McFeely loses High Court battle over home
Bankrupt property developer Tom McFeely has lost his latest court battle over the repossession of his family home on Ailesbury Road in Dublin.
The High Court yesterday dismissed the appeal by Mr McFeely and his wife Nina brought against a Nama company’s legal proceedings which led to the possession of the house on August 11th last.
The National Asset Loan Management Ltd (Nalm) obtained the repossession order arising from Mr McFeely defaulting on a €9.5 million mortgage taken out in 2005.
Mr McFeely’s company Coalport developed the Priory Hall complex in Donaghmede, which was closed last year by order of the High Court due to fire safety concerns.
Mr Justice John Hedigan said yesterday there was no basis for the McFeelys’ appeal against a Circuit Court ruling which ultimately led to the repossession. The case appeared to be “open and shut”.
He was satisfied the judgment obtained over a €9.5 million mortgage had been well-charged over the property and there was nothing wrong with the Circuit Court order.
The judge said he was conscious this was a family home and said it was “a sad and terrible thing” when someone was put out of their home. That was unfortunately part of the situation that had befallen the country, he said.
“I appreciate the circumstances here are tragic and terrible but there isn’t anything I can do.”
He dismissed the appeal.
Mr McFeely, who was in court, had previously complained that his family were “living on the side of the street” as a result of alleged “lies” having been told at a repossession hearing.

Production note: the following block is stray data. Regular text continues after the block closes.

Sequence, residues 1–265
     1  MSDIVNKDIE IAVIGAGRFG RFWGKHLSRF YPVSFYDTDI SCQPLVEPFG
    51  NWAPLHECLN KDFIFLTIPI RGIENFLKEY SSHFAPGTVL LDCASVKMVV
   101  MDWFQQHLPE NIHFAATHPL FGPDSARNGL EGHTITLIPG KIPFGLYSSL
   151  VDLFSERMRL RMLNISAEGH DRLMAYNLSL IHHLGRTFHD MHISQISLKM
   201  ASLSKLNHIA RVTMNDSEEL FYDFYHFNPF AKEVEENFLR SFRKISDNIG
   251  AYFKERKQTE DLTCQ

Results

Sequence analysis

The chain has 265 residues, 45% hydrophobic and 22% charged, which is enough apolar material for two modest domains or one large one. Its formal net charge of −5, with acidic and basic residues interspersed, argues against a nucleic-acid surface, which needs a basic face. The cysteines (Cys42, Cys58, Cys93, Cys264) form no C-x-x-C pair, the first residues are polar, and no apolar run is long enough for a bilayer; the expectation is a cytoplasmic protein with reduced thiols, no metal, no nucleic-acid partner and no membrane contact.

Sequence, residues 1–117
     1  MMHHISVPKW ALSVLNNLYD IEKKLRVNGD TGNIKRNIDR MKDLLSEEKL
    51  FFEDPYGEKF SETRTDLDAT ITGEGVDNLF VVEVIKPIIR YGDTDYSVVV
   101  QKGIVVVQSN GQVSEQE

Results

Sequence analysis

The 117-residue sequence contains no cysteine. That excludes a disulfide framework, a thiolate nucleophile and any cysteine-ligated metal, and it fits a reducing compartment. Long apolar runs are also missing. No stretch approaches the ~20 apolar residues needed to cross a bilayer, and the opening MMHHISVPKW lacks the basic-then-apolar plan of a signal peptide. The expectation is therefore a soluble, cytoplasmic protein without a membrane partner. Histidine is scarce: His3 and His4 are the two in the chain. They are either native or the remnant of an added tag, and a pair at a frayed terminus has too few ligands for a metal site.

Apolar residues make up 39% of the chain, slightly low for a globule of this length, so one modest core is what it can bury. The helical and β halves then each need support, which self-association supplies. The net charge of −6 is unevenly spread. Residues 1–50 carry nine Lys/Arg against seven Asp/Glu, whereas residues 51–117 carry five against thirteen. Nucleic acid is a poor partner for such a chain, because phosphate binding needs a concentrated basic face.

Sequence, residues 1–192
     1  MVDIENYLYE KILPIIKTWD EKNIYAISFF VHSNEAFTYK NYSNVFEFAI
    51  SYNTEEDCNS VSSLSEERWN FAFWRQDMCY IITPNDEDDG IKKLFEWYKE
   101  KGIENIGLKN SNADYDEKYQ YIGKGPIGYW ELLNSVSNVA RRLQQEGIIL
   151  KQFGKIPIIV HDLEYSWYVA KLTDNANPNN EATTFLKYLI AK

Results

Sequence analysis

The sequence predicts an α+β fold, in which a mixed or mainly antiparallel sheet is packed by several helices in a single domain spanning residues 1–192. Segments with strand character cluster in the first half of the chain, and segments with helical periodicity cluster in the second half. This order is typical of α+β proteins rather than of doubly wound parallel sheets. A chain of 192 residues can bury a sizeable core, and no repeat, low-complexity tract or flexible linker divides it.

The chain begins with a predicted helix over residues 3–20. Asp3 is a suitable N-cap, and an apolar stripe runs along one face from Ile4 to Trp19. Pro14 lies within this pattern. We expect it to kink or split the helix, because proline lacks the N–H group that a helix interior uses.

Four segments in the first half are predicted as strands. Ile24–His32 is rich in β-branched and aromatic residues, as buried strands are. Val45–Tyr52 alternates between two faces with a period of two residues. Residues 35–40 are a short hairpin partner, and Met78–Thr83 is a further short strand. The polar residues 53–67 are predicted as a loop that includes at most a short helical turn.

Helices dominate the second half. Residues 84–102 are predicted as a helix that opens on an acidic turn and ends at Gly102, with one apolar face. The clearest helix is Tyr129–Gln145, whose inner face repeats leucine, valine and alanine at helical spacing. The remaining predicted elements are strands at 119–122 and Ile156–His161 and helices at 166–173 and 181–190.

James Salafia SC said his clients were unhappy they had been put out of their house after a court had been told by Nalm there was alternative accommodation available to them. A conscientious investigation would have shown no alternative to putting people out on the street, he said.
Mr McFeely had also “complained bitterly” about the publicity given to the repossession but Mr Salafia said that was all now “water under the bridge”.
Mr McFeely was challenging the order on the basis he may not have been the proper person to have been before the repossession court as he was at the time a declared bankrupt, Mr Salafia added.
It was also their case that because the original mortgage was taken out to pay off existing loans, the house was not liable as security.
Michael McDowell SC, for Nalm, said there was no basis for reversing the Circuit Court order. The orders obtained would not have been affected by Mr McFeely’s bankruptcy because the security provided for the mortgage was not affected by that, Mr McDowell added.
Mr McFeely’s wife Nina had also brought proceedings in her own right against the repossession and these matters had been fully heard and ruled on, he said.